Alabama Shakes: Sound & Color Review

To say that Sound & Colour isn’t the album that many people expected to follow Boys & Girls might be completely fair. With Alabama Shakes’ incredible rise to fame after the release of their debut LP, the four-piece quickly found themselves being viewed as a revivalist act, something Brittany Howard claimed that they’d never aspired to be in an interview with the New York Times earlier this year. To be fair, Boys & Girls drew heavily from late sixties soul and blues, particularly the lead-off single “Hold On,” which circulated heavily on the blogosphere and managed to get extensive radio play as well, and served as most fans’ first exposure to the band. The Shakes haven’t abandoned this part of themselves on their second album, but Sound & Color does see them actively pushing their limits into the territories of neighboring genres as far as possible. The result is an album every bit as earnest and soulful as the first, but with tints of R&B, psychedelia, shoegaze, and Strokes-brand indie rock.

Brittany Howard’s vocal performance seems to be a little more varied this time around. She still hollers, but her power is accentuated by softer, subtler techniques. There’s more falsetto, more cooing, and a general feeling that Howard is going to tease the big, powerful moments rather than delivering all at once. The delivery on “Gemini” feels almost eerie, with alien harmonies and a persistent, pulsing vocal delay that reinforces the nuances of Howard’s performance. Brittany’s voice is intoxicating during the falsetto and unexpected voice cracks in “Future People” and with the deliberate contrast between the frantic chorus and restrained verses of “Miss You.”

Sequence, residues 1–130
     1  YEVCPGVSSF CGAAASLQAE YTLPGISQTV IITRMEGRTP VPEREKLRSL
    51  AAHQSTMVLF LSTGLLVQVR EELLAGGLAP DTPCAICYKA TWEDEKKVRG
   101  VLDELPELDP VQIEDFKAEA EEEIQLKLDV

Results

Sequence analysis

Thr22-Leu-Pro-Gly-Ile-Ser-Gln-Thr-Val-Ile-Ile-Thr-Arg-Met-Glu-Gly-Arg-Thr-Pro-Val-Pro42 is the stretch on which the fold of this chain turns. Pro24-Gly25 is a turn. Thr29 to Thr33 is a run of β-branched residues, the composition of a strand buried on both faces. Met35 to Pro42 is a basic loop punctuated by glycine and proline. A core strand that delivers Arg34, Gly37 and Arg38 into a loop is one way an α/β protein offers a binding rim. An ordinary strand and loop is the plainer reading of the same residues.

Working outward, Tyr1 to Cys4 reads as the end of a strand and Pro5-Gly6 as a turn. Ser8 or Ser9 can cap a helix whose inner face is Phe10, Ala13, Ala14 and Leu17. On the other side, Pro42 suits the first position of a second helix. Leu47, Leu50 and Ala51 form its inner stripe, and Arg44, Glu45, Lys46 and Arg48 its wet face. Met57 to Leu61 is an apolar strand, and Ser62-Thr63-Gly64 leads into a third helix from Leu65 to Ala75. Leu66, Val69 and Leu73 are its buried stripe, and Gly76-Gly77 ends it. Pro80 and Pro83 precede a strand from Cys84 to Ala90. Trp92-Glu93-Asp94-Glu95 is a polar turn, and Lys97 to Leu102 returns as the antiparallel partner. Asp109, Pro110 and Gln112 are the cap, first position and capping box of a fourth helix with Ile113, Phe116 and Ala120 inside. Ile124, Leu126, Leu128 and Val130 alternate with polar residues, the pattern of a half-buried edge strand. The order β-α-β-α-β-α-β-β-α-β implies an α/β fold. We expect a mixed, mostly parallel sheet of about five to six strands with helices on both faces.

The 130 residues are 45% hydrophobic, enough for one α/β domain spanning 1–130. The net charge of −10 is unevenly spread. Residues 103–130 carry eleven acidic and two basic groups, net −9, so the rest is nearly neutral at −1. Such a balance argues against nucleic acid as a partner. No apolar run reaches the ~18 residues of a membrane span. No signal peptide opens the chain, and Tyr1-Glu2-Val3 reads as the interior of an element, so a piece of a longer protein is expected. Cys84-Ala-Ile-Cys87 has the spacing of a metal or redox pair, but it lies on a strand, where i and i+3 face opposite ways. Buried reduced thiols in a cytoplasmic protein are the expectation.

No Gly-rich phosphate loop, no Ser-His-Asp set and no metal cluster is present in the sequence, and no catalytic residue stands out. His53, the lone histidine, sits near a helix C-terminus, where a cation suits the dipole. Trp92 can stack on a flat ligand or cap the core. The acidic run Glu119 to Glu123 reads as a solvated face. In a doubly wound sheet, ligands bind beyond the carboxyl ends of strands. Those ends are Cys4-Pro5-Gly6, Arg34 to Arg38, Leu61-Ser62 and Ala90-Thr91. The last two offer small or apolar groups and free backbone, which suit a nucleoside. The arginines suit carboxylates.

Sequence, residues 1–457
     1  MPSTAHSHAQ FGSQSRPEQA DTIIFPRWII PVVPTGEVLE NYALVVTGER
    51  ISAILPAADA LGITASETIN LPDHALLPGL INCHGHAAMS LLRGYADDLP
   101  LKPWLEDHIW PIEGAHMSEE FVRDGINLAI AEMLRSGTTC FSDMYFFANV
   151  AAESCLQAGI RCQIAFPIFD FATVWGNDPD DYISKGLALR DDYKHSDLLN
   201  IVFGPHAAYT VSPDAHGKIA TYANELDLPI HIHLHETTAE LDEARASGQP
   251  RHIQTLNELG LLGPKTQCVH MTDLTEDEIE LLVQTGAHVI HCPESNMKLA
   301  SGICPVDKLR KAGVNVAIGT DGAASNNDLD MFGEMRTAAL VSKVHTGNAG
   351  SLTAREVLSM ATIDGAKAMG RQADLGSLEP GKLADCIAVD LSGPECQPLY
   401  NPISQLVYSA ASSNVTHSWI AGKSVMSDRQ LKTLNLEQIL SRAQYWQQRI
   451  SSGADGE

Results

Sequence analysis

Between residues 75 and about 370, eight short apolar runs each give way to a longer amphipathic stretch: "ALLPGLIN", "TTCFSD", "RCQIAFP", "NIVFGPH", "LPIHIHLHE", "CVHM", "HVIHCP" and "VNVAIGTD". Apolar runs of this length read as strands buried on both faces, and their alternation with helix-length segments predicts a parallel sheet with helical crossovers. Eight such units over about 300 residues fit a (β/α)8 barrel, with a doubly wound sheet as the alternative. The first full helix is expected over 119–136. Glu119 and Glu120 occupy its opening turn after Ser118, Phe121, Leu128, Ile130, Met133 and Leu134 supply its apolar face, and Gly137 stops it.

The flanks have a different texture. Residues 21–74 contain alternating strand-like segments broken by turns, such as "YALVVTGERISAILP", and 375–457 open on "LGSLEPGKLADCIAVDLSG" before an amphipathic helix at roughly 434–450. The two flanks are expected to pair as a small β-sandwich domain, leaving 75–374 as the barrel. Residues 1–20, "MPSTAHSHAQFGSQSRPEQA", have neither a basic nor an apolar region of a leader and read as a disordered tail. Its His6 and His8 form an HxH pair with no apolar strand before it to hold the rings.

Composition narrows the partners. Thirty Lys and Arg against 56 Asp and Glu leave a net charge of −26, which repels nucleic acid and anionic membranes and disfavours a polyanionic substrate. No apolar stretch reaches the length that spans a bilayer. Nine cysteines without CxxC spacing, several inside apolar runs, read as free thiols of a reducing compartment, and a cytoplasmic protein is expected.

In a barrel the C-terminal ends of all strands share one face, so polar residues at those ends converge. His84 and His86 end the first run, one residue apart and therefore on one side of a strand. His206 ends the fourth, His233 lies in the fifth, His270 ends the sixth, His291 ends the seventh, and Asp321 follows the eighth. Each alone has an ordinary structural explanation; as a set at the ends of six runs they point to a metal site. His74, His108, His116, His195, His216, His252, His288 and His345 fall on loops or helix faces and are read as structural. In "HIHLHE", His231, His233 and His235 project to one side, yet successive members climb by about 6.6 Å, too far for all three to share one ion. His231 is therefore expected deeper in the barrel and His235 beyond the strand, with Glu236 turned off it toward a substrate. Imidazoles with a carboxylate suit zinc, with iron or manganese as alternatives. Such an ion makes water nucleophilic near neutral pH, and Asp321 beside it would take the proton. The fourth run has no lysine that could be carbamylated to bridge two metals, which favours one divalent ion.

The compositions on Sound & Color have matured to match. The opening song’s minimalistic vibraphone and R&B drum track combination give Alabama Shakes’ harmonies a warm backdrop that seems to quiver in and out alongside Howard’s voice, an aesthetic that seems to resurface through much of the album when not getting disrupted by buzzing bass riffs (“Future People”) or siren sythesizers (“Gemeni”). The Shakes tease their smoother, sexier side too, like the R&B flavored closer “Over My Head.” Of course, this song eventually gets crashed by tumultuous gospel harmonies, which probably a fitting conclusion for Sound & Color as it reminds us not to expect Alabama Shakes to stay in any one place for too long.

That seems to be the one message Alabama Shakes would like us to take away from Sound & Color – that this band is not about mere nostalgia or revivalism, but is rather about pushing forward. Brittany Howard said in the same interview that Alabama Shakes didn’t intend on following their previous success formulas, and claimed that Alabama Shakes wasn’t even interested in the success of Boys & Girls to begin with. That’s just the sort of irony one would expect to see in a wildly successful band from a small town with origins as humble as Alabama Shakes; the less they care, the further they get.

The Review: 9.5/10

Can’t Miss Tracks

– Don’t Wanna Fight
– Future People
– Gimme All Your Love
– Guess Who
– Gemini
– Over My Head

The Big Hit

– Don’t Wanna Fight

Review by Richard MacDougall

Buy the album: Amazon

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